Wednesday, February 6, 2013

Update on Tabby: 2-6-2013

Before I get too far into this, I need to say something.  Thank you to everyone who reads these, comments on them, shares them, etc.  There's not a whole lot, at this point, I can do or that anyone can do, but it is appreciated.

Yesterday, we went back to Austin to visit with Tabby's doctor and get the results of her latest CT scan.  We expected everything to be stable.  Our expectations were not met.  The tumors have grown.  Significantly.  What that means is that the last year of chemotherapy Tabby has endured has done nothing more than hold it at bay.  It hasn't ben successful in fighting it.  We are all very disappointed.

So what does that mean?  First, back into chemotherapy for Tabby, but this time without the "hooded nightmare" cisplaten, or the torture-drug nulasta.  She's using a drug called Taxol, and will be infused with it once a week for, likely, the rest of her life. In two weeks, we look again to see if there needs to be adjustments made on the dosage, if she's allergic to it, or if it is having any effect whatsoever.  This new drug does have a lower success rate than the first.  If this one fails, there's one other, and it has a lower percentage still.

The doctor was very clear:  She told Tabby that there would come a point where Tabby would have to make a decision.  People who are not in chemotherapy do tend to feel better than those who are not, but they live longer.  Tabby nodded her head and said "Okay.  Let's fight."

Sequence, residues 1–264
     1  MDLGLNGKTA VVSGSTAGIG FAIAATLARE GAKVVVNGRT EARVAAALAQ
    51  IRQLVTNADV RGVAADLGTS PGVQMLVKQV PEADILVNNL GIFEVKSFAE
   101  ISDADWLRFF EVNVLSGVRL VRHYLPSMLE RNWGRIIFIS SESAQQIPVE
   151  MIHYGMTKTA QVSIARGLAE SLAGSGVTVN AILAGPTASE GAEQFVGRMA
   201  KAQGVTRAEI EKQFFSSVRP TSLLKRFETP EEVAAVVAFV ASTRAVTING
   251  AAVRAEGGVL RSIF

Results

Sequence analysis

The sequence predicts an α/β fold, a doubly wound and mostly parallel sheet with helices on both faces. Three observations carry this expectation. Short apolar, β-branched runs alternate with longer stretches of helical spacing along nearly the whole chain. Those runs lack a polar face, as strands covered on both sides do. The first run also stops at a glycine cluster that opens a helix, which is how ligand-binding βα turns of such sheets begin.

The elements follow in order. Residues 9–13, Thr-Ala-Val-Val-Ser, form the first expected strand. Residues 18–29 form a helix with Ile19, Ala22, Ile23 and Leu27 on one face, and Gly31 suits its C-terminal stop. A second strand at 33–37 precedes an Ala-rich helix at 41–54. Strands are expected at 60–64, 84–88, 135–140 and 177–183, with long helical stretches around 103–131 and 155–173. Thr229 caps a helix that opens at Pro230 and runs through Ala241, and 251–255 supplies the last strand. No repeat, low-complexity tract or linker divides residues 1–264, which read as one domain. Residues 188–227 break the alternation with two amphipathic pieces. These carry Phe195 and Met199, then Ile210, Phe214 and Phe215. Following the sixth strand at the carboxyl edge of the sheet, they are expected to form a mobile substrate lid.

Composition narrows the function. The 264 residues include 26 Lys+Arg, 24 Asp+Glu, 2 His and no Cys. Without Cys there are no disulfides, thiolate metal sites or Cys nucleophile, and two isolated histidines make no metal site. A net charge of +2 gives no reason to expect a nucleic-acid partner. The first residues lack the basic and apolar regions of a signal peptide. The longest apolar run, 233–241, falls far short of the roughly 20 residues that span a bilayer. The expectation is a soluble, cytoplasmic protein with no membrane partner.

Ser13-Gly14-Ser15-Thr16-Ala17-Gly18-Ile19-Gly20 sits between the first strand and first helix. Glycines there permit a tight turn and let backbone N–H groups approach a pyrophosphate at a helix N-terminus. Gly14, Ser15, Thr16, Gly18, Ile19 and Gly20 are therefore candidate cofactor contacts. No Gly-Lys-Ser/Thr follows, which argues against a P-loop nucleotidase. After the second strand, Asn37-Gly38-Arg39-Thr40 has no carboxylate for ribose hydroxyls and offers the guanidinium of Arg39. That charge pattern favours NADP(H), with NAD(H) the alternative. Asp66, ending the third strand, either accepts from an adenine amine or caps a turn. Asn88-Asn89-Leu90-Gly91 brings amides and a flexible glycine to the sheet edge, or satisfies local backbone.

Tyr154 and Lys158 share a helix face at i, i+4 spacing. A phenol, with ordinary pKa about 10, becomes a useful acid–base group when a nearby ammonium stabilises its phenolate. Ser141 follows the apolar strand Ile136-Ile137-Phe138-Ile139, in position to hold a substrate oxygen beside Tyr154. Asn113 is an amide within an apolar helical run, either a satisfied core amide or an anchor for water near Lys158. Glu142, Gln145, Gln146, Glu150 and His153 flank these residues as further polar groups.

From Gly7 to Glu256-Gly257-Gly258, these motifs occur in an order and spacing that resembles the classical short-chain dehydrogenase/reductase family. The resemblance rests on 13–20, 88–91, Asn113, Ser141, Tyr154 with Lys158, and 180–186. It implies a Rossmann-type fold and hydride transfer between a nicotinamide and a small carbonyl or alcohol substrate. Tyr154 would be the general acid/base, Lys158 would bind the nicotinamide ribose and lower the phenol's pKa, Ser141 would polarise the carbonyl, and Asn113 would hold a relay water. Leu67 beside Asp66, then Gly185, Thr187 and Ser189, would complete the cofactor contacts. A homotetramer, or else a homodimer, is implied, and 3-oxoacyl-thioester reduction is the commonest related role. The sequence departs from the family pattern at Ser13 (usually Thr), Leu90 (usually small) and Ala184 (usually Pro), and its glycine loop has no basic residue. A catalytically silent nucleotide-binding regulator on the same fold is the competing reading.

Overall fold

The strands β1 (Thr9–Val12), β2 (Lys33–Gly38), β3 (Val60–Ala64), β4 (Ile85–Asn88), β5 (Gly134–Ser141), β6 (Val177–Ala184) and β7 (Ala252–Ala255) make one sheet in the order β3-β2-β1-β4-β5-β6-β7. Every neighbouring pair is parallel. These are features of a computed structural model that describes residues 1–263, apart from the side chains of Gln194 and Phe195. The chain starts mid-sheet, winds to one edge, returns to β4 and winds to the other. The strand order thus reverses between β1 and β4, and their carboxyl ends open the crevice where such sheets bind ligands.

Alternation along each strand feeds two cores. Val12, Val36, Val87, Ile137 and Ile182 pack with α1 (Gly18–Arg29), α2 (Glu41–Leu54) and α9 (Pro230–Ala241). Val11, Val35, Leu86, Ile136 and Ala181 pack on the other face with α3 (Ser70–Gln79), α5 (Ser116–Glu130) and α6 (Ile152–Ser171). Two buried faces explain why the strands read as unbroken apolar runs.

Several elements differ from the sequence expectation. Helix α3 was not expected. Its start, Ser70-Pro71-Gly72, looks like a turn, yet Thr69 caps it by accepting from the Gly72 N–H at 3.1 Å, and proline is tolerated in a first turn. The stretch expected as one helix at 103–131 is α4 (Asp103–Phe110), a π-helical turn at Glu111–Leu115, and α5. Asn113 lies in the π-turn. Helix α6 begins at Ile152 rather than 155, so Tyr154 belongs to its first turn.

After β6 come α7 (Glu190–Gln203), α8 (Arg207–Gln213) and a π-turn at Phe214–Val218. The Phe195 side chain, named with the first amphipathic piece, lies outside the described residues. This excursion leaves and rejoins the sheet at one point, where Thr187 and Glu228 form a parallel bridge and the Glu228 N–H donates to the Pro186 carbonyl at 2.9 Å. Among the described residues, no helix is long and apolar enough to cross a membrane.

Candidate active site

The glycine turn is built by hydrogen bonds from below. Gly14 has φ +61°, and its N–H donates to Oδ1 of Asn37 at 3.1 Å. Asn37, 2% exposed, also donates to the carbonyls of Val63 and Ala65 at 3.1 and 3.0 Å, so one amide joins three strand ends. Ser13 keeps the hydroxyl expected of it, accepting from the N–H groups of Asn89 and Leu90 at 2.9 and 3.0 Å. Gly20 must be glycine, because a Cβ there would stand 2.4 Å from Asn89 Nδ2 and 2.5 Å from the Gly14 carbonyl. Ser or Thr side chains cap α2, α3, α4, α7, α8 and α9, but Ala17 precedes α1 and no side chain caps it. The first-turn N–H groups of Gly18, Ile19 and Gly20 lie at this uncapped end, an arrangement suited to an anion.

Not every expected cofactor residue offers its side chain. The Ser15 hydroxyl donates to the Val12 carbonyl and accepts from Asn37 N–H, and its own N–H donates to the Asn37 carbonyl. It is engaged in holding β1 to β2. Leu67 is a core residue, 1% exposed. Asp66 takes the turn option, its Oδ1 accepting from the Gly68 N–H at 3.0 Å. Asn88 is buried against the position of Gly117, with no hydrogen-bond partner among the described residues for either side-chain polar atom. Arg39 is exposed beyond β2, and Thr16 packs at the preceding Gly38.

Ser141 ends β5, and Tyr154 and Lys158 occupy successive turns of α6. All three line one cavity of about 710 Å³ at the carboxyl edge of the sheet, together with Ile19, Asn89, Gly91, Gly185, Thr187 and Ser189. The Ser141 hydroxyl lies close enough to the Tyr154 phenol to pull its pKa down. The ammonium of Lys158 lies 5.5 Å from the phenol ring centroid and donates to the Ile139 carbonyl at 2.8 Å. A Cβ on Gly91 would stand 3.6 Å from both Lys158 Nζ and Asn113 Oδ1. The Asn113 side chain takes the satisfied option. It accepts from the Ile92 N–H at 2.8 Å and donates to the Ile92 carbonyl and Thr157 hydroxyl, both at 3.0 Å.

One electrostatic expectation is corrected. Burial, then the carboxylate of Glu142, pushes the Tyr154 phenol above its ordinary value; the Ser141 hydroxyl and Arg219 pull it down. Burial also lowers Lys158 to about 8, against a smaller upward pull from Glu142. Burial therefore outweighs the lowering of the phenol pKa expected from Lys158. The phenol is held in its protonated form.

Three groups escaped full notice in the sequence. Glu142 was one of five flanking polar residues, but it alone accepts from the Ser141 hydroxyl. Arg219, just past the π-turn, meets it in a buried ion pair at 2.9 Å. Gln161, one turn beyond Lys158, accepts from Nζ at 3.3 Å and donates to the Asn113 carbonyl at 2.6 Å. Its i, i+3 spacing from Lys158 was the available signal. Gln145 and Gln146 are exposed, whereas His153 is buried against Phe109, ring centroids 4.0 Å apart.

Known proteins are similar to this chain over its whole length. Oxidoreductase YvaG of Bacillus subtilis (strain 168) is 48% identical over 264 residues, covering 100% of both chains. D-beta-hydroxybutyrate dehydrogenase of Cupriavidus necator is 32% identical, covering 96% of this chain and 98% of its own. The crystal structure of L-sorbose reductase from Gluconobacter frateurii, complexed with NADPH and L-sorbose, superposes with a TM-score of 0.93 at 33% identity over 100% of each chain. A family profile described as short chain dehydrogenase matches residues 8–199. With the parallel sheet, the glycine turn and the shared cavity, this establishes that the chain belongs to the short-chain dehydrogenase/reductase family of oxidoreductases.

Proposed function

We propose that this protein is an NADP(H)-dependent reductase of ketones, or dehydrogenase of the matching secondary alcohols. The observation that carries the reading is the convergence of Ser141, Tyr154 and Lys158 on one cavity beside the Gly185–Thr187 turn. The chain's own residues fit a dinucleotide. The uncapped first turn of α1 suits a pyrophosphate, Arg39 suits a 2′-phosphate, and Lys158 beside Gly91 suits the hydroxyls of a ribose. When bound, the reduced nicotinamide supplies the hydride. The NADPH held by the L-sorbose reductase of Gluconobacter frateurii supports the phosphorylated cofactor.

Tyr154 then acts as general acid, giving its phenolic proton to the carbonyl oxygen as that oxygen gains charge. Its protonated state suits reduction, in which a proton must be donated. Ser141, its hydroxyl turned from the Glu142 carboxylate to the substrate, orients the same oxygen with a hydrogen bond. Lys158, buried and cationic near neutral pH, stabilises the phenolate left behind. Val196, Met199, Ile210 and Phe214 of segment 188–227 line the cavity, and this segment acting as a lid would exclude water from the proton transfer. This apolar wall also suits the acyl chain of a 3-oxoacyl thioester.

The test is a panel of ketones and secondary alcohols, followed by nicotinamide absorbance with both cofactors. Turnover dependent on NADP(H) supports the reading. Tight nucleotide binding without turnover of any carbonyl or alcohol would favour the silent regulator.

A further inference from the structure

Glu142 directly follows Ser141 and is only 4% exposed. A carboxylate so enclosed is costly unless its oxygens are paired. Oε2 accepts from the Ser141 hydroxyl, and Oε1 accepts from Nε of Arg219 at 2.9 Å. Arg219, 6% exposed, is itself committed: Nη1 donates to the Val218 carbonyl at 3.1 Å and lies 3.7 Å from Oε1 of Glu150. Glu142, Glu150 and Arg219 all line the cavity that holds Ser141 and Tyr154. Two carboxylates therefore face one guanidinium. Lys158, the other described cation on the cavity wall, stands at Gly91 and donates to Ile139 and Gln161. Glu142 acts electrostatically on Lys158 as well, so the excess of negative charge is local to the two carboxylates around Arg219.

Define "tenacity."  Look it up in any dictionary, and you should find a photo of my wife.

There's not much else for me to say at this point.  I continue to watch over her, try to provide comfort for her and my girls, and keep doing what I do because the world, in general, doesn't give a damn.  No matter what happens, the world will keep turning, bills will still need to be paid, and people will still expect things to get done.  And someone has to do them.  So I'm doing them.

I was asked what effect this had on our day to day lives.  I can't even begin to answer that question without sounding like whining, so I won't.  I'll just say there's been a huge impact, the likes of which I hope no one I know will ever endure.  Emotionally, financially, psychologically...  Cancer doesn't just claim one person.  It claims families.  It claims friends.  Those of us that must, do what we must.

Tabby doesn't have an expiration date.  She's planning on fighting until she can't anymore.  How long that will be is anyone's guess.  And I'll be the guy in her corner screaming at her to get back up and fight.  Because I love her.  And because that's what we do.